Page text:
Truly multi-disciplinary, scenography is design for performance environments – encompassing set design, lighting and more for the theatre (and musicals, dance). Also related is design for catwalk shows, as well as other temporary experiential designs – installations for events or festivals for example. As more environments are designed to be experiential, the skill of creating “scenes” is more applicable across disciplines.
The discipline is on the periphery of design – part interior design, part styling, part costume, part art, part lighting, part construction. Architecture can also play a role, such as in the oldest existing closed theatre, the 1585 Teatro Olimpico by Vicenza architect Palladio which features a beautiful facade with arches, behind which a false perspective creates the illusion of a streetscape.
Scenography can also include other elements, such as puppetry, like the Lion King which was designed by Zimbabwe-born Richard Hudson in 1997 and is still going strong.
Based in Latvia, Didzis Jaunzems Architecture has designed a number of theatre and music sets, including stunning scenography for Latvia’s Grand Music Award last year, where 300 plastic balloon spheres with differing levels of transparency were lit to create a three dimensional field for performance. A large mirror on the back wall amplifies the effect.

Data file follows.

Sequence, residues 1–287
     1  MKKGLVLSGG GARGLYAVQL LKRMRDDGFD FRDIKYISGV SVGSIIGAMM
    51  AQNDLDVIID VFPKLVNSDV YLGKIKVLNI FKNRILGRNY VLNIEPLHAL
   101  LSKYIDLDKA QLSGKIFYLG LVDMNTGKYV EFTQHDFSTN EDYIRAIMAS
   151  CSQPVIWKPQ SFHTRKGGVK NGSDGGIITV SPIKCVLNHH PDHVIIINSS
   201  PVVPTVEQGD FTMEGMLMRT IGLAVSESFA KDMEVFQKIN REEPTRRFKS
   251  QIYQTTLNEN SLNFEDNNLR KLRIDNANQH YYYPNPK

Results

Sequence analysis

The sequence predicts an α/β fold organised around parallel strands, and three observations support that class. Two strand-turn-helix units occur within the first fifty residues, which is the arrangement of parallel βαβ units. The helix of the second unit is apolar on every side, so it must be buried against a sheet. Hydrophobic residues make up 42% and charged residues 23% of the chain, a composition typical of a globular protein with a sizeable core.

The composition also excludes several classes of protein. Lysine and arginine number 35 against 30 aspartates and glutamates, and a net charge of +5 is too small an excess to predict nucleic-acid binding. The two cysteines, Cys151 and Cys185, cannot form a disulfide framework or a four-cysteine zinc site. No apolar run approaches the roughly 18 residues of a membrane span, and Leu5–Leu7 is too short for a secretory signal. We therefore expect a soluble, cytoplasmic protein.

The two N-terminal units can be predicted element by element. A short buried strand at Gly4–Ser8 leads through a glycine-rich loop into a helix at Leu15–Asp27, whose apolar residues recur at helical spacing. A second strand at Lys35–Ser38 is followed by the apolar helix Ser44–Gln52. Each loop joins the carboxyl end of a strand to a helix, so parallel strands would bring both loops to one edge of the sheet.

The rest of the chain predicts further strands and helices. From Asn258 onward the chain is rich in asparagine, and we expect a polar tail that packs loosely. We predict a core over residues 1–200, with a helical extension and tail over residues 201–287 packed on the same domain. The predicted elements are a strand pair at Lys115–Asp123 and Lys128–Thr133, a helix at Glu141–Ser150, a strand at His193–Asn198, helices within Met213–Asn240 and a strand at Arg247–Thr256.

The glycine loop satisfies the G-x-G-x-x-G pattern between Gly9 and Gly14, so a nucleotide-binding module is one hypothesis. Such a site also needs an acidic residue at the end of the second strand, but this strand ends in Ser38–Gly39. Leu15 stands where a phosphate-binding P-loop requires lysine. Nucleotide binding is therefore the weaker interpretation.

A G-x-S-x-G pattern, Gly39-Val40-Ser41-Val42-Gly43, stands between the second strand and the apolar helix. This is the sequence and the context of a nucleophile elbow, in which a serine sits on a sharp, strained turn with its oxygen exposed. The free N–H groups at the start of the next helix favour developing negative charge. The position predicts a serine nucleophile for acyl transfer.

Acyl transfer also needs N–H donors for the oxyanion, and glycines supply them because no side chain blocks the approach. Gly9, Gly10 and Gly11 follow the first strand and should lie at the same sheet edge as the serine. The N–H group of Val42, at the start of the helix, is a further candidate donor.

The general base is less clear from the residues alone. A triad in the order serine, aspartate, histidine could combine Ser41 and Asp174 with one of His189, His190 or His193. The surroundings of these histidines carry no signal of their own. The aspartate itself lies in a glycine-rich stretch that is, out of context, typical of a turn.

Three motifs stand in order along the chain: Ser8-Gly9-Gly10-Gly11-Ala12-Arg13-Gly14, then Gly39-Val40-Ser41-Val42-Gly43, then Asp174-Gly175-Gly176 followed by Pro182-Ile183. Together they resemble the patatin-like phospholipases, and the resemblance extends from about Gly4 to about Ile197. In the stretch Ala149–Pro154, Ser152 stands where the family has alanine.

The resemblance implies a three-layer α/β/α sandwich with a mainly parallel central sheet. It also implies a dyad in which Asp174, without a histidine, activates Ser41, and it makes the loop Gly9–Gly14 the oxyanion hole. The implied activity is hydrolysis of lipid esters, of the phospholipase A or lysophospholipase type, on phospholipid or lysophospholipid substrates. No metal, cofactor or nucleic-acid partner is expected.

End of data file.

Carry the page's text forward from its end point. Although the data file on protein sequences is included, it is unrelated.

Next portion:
In Australia, Liminal studio in Tasmania has created a number of projects for the theatre, including The Barbarians in 2012, an avant-garde opera held as part of the MONA FOMA Festival. The design was cost-effective but experimental, providing a perfect complement to a cutting-edge performance.
More recently, Liminal also designed the set for Tasmanian Theatre Company production Born From Animals. The set features floating black geometries in an interactive environment, with elements that can be peeled back, lifted, folded or propped. Behind the black structure, elements of glowing light and colour are revealed throughout the performance.
Another recent outstanding example in Australia is the set of I Love Todd Sampson, a play by Sydney’s Living Room Theatre that ran in 2013. With scenography by Mac-Interactive and 8 other teams of architects, the audience literally followed the protagonist through each environment, creating an interactive experience of theatre on the move.
Perhaps the most exciting thing about scenography is the sheer freedom that it brings – the list of materials, ideas, process and construction are seemingly endless. Perhaps this is what appeals to me most about the form. This and the fact that it is a necessarily collaborative process, working with theatre directors and actors, musicians or dancers.
My own connection to scenography is that in my early twenties I co-designed a set for a theatre production in Canberra with theatre director friend Kelly Somes. The results are lost to posterity but it was a fascinating (and back-breaking) experience. When people ask me whether I would have liked to have been a designer, rather than (just) write about design, I usually say no, but this is the one design discipline I think I could have made my own.
Considering the creative possibilities of scenography, it is a shame to note that in 2014, not one of the IDEA Awards shortlist in the “event” category was a theatre or set design. Let’s hope there’s some in there this year.